Psalm 9:12–21; Genesis 14,15; Matthew 5:43–6:4

Psalm 9:12–21: The psalmist reminds us of God’s compassion: “He forgot not the cry of the lowly.” (13b) And presumably the poet counts himself among the lowly and afflicted as he asks for God’s personal intervention, “Grant me grace, O Lord,/ see my torment by my foes.” (14a). This is a torment so great that he is near death and only God can save him: “You who raise me from the gates of death.” (14b) He offers a justification for God’s rescue that we see frequently in Psalms: that if the poet is dead he cannot praise God. Therefore, God should save him, “So that I may tell all Your praise/ in the gates of the Daughter of Zion./ Let me exult in Your rescue.” (15) [Alter tells us that the phrase “Daughter of Zion” refers to Jerusalem.]

Presumably, we now read the words that the rescued poet would be saying or singing at the city gate: “The nations sank down in the trap that they made,/ in the snare that they made their foot was caught.” (16) Knowing what we do of the history of Israel, this description of self destruction through sin and idolatry is exactly what the prophets also describe at length. And like the prophets, he asserts that “The Lord is known for the justice He did.” (17)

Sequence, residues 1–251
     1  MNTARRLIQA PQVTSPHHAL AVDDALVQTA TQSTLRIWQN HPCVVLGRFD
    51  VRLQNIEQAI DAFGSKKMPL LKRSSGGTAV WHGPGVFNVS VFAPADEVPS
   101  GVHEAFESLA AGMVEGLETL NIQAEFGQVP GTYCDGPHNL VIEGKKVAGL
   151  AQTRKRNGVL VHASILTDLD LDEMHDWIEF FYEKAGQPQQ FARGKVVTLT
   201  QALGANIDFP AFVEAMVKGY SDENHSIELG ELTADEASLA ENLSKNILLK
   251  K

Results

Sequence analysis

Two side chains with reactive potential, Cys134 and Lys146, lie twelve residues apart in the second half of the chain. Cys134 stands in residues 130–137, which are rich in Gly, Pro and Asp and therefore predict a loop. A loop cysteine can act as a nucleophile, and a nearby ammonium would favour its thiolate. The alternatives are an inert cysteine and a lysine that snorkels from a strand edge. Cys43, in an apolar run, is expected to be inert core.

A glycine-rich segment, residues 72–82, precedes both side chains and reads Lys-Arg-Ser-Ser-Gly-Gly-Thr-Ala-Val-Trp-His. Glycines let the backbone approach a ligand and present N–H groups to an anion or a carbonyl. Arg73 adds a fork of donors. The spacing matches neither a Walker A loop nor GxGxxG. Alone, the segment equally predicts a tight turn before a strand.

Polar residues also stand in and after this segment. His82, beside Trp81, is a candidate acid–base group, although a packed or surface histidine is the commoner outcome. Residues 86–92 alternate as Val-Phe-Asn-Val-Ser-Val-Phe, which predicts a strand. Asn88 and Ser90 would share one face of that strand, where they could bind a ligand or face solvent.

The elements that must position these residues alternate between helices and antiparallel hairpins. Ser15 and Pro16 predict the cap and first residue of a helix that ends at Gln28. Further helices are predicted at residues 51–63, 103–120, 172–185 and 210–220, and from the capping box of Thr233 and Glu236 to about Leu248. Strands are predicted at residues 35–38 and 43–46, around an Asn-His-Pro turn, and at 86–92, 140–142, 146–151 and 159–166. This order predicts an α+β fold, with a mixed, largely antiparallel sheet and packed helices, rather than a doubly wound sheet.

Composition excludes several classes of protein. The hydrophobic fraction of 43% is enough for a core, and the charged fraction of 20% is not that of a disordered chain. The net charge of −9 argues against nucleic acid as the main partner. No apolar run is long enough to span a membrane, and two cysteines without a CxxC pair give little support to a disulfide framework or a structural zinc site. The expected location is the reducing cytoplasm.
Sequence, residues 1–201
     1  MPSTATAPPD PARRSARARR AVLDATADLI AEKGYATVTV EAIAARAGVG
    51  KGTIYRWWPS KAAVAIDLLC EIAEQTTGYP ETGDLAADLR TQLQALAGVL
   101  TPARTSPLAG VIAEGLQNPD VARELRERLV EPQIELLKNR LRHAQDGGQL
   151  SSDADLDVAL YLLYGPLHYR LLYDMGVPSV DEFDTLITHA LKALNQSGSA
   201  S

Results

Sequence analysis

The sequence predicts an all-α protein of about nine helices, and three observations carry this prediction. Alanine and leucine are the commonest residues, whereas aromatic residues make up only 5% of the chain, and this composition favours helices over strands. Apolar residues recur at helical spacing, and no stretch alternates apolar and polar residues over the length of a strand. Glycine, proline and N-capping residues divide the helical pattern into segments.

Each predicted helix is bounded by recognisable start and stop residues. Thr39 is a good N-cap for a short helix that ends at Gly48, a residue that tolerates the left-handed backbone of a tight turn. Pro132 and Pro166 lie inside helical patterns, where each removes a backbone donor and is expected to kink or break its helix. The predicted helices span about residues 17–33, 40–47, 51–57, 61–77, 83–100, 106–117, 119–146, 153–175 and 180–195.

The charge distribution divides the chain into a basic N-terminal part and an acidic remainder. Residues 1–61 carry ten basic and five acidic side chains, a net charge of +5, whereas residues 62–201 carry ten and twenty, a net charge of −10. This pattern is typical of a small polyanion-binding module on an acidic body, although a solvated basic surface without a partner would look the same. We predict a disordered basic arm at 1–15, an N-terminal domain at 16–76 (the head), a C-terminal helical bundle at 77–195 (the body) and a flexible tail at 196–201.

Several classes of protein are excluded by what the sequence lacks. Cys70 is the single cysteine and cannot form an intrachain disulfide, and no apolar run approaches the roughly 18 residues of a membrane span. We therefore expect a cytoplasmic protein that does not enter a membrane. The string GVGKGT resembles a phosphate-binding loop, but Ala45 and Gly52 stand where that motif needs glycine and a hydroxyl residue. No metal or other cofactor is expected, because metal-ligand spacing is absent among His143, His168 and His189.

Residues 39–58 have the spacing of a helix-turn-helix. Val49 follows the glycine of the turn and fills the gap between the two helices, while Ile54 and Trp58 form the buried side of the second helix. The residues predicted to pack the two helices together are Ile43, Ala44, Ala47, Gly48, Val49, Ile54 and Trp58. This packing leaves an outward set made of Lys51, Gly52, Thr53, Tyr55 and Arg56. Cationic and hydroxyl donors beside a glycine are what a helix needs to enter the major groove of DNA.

Despite that threat of godly justice, “The wicked turn back to Sheol,/ All the nations forgetful of God.” (18) Which is a pretty good description of American society: we seem to be on the trail of consciously forgetting God as many declare faith to be a psychological crutch that the truly enlightened do not require. As for me, as I look around at the cultural and social mess surrounding us, I can only conclude that the God-deniers are in deep denial.

The psalm ends by returning to what I’ll call the Great Theme of the OT: God’s compassion and rescue of the lowly as he metes out judgement to those who forget the poor and weak. There is always hope no matter how desperate the circumstance: “For not forever will the poor man be forgotten,/ the hope of the lowly not lost forever.” (19) God’s rescue may be a long time in coming, but come it will. In the meantime, I’ll go with the psalmist on the last two verses: “Arise, O Lord, let not man flaunt his strength,/ let nations be judged in Your presence.” (20) And above all for God to remind the culture, “to let nations know they are mortal.” (21b)